Carbohydrate-binding modules (CBMs) specifically target enzymes to their substrates, initiating and maintaining prolonged contact with the insoluble polysaccharide. The catalytic module may be a glycosyl hydrolase (GH) polysachharide lysase (PL), glycosyl transferase or an esterase. The flexible linker affords the catalytic module a certain freedom of movement, which presumably allows it to adjust to conformational variations in the substrate while the CBM maintains contact with the substrate. Enzymes, representative of a typical cellulase system, are depicted depolymerizing a single cellulose chain. Exo-acting cellobiohydrolases and endoglucanase synergistically degrade polymeric cellulose to cellobiose and cellodextrins, respectively. At least part of the synergism is believed to result from the activity of endoglucanases creating additional ends for exoglucanases to act upon. Cellodextrins (soluble cello-oligomers) may be further processed to glucose and cellobiose by cellodextrinases. Depending on the organism cellobiose may be cleaved extracellularly by β-glucosidases (cellobiases) and imported as glucose, or imported directly and cleaved in the cytoplasm. Import generally occurs through phosphotransferase transport systems, resulting in cytoplasmic Glucose-6-Phosphate (G6P) and phosphorylated cellobiose. Certain organisms, such as Clostridium thermocellum, are also capable of importing cellodextrins for cytoplasmic cleavage. Systems that degrade other complex polysaccharides (e.g. chitin) share many of the features depicted for cellulose degradation, i.e. endo- and exo-acting enzymes and polymer-specific CBMs; however, there are substrate-specific variations in enzymatic composition, to include enzymes dedicated to the removal of side-chains such as xylose and/or arabinose oligomers or substituent groups, which may include acetate, sulfate and methyl, among others.

doi:10.1371/journal.pgen.1000087.g002

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Figure 3. Oligimers of six major types of complex polysaccharides (Roman numerals), their component sugars and enzymes (Capital letters) that act on specific bonds within the molecules.

The figure is keyed to Table 5, Enzyme activity induced by sole carbon complex polysaccharides. Sugars are color coded and keyed in box.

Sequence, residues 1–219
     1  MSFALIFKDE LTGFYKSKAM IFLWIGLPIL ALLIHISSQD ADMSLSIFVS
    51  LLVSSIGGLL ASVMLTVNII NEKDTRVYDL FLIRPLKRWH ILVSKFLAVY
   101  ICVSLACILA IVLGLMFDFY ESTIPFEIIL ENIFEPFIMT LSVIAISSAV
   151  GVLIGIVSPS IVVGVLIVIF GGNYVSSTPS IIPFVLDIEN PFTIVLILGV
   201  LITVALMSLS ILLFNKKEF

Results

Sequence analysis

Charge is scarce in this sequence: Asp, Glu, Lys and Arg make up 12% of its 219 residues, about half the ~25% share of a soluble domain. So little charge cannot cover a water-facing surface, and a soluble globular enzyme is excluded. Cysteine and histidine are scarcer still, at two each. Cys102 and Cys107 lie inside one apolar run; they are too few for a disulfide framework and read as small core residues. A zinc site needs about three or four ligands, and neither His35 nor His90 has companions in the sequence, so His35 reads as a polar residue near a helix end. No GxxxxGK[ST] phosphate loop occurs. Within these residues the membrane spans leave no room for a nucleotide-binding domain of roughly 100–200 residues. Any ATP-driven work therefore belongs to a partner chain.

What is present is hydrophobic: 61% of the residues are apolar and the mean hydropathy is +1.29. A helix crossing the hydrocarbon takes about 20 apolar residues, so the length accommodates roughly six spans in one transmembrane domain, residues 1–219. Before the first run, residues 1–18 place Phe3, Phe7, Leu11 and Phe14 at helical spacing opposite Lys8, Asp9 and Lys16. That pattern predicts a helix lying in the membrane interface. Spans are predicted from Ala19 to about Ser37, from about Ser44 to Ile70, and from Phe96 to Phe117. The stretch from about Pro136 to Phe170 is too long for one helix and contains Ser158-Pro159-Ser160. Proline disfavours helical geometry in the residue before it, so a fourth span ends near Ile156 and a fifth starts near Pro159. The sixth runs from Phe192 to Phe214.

doi:10.1371/journal.pgen.1000087.g003

With genes encoding 128 glycoside hydrolases (GHs), Sde 2-40 is one of the most prolific bacteria sequenced; to date it ranks 3rd of almost 400 bacterial genomes surveyed by the Carbohydrate-active enzymes database (www.cazy.org/CAZY). Most carbohydrase-coding ORF's are dispersed throughout the genome, however, some are clustered, including amylases (Sde_0556-Sde_0601), arabinoxylosidases (Sde_0777-Sde_0789), pectinases (Sde_0937-Sde_0953), and alginases (Sde_3272-Sde_3286).

The set of glycosidases encoded by Sde 2-40 is particularly adapted to the degradation of a multitude of plant and algal cell wall polysaccharides and is characterized by an extreme modularity in the structure of the enzymes (see Figure 2; Figures S1, S2, and S3). Substrates catabolized include cellulose, substituted xylans, xyloglucans, arabinans and arabinogalactans; pectin and rhamnogalcturonan; β-1,3(4) glucan, β-1,3-glucans; starch, glycogen, pullulan; mannans, glucomannans and galactomannans. Interestingly, the xylan, mannan and cellulose degrading apparatus of Sde 2-40 is very similar to the reported cellulases, xylanases and mannanases synthesized by a related terrestrial gram negative bacterium, Cellvibrio japonicus (for review see [26]). The similarity between the GH and CBM (see below) composition of these enzyme systems in Sde 2-40 and C. japonicus indicate a close evolutionary relationship between the plant cell wall degrading apparatus in the two organisms. The etiology of such a relationship remains a compelling area for study.

In addition to the cellulose, xylan and mannan degrading enzymes described above, the Sde 2-40 genome also encodes eight endo-β-1,3-glucanases (Table 3), each of which has a type II secretion signal sequence, interesting domain architecture and modules [viz. thrombospondin type 3 (TSP3) and cadherin-like (CADG) calcium-binding motifs]. It is also noteworthy that the Sde 2-40 genome codes for 33 polysaccharide lyases (PLs; Figure S4), far more than any other bacterium including B. thetaiotamicron (15), Erwinia carotovora (13) and Pseudomonas syringae pv. phaseolicola (8) and any fungus. The only organisms that have (marginally) more PLs than Sde 2-40 are the plants (Arabidopsis has 34 and the poplar has 39) whose higher number is entirely attributable to large multigene families. Twenty three of the 33 Sde 2-40 PLs are modular (a proportion never seen before). Significant domain structures are shown in Figure S4.